The best way the church can begin to repent for the sins of leaders like Cardinal McCarrick and all those who turned a blind eye to his wrongdoing is for bishops to call their brother bishops and other leaders within the church to account. It would be a significant, though sadly belated, statement of pastoral commitment for the bishops together to call upon all who have misused their ecclesial office by sexually abusing someone under their authority or pastoral care to take responsibility for their failure and submit their resignation. Another story of episcopal abuse may break in the media at any time. It would be a prophetic witness to God’s grace for the church to embrace this opportunity for repentance and the hope for reconciliation now rather than passively waiting for more secrets to be revealed.

Jesus told his disciples that it would be better for someone to have a millstone tied around his neck and be cast into the sea than to “put a stumbling block before one of these little ones who believe in me” (Mt 18:6). Surely it would be better for the church to lead the way in listening to people who have been harmed than to continue defending, even through silence, the authority and reputation of leaders who have already betrayed their pastoral responsibilities.

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Robert Lewis
1 month ago

This is very clear and very good, and it is the strongest recommendation regarding these scandals thus far made by anyone. Moreover, it is absolutely necessary that it, or something like it, be enacted, if the Church is to regain lost ground.

A Fielder
1 month ago

I agree that the Church has lost ground. Regaining it however, will probably involve finding a way for the laity (and women) to find the voice of moral authority. It is hard to imagine that the clergy/hierarchy will reform itself without significant pressure and accountability from the body of baptized believers. Good leaders will be able to articulate the sense of the faithful. Much ink will be spilled here on the "problem" of gay priests. I am a proponent of ordaining married people, but we also need to confront the sad reality that gay & lesbian people are highly encouraged by the church to accept celibacy whether or not it is healthy or even possible for them. This is why a high percentage of priests are gay. Justice (and common sense) demands that celibacy be freely chosen. The church offers that choice to heterosexual people. We should also offer it to people who are not.

T. Saenz
1 month ago

People are free to choose celibacy or marriage. The Church neither grants nor denies human free agency in those or any other matters. The question is whether the baptized (laity and clergy alike) will exercise their freedom in Christ to imitate Christ, or whether they will imitate something else. Too often our sinful nature wins the battles for our hearts. What does the scripture say? "...Sin is a demon lurking at the door: his urge is toward you, yet you can be his master." (Gen 4, 7b). And it says, "That is not how you learned Christ, assuming that you have heard of him and were taught in him, as truth is in Jesus, that you should put away the old self of your former way of life, corrupted through deceitful desires, and be renewed in the spirit of your minds...." (Eph. 4, 20-23)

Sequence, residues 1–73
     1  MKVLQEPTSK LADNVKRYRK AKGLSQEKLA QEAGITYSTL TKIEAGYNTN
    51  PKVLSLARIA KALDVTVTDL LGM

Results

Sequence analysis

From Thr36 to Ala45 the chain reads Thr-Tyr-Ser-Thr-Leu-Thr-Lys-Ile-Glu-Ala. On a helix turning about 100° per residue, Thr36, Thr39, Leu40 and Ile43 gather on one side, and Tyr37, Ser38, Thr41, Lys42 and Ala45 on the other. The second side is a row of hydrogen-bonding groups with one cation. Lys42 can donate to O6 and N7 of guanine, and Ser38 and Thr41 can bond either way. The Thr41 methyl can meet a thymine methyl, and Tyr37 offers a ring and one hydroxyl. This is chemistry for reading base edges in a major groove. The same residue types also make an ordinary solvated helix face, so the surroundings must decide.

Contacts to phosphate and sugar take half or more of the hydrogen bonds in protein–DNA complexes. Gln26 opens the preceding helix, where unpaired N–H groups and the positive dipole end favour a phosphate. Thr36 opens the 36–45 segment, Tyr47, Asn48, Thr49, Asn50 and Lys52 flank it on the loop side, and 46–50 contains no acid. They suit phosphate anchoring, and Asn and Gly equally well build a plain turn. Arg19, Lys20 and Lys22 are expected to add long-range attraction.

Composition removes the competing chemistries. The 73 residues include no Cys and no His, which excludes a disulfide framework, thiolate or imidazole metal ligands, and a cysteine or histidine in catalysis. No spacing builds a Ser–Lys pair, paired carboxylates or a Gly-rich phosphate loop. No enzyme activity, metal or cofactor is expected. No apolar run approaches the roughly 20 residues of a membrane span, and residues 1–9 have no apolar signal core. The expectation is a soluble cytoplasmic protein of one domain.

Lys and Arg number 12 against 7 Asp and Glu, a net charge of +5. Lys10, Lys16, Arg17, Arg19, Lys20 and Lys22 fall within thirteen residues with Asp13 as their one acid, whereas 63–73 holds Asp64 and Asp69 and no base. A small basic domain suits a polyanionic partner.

John White
1 month ago

The bellweather change that needs to be made to truly turn the corner on this horror is for the American Church to declare that secular law takes precedence over canon law when it comes to abuse. When abuses are alleged the first act must be to contact the local law enforcement agency and for the church to cooperate fully and without hesitation with all lawful requests from the law enforcement officers.

Crystal Watson
1 month ago

This is similar to the case of Cardinal Keith O'Brien in the UK. In that situation, the victims went public and the ensuing scandal resulted in him retiring ... https://www.theguardian.com/world/2013/feb/23/cardinal-keith-o-brien-ac…

The church has to be honest about the celibacy thing. A large percentage of priests have sex or have relationships, but because of mandatory celibacy, those relationships are lied about and are hidden, and the really unhealthy ones - like the situation with McCarrick - flourish in the dark. Either be serious about celibacy and fire people who violate that, or do away with mandatory celibacy and let priests have public healthy relationships.

Robert Lewis
1 month ago

There is a third way, which is indicated by the practice of the Orthodox Church: mandatory celibacy for hierarchs, so they can concentrate on their greater responsibilities--drawing on the monks and cenobites for those roles--and marriage as an option for parish priests.

Crystal Watson
1 month ago

This creates a two tier system where if people want to get ahead in their religious careers, they will have to choose celibacy ... this will lead to the same dishonesty as already exists in the church. Plus, there's no real reason to punish priests for wanting to have public romantic relationships and children. If it was good enough for the original disciples it should be good enough for the church.

Robert Lewis
1 month ago

"... if people want to get ahead in their religious careers..."

The "desire to get ahead" in a religious career is prima facie evidence that the priest-candidate has no vocation at all.

Crystal Watson
1 month ago

Oh, let's not be naive.

Robert Lewis
1 month ago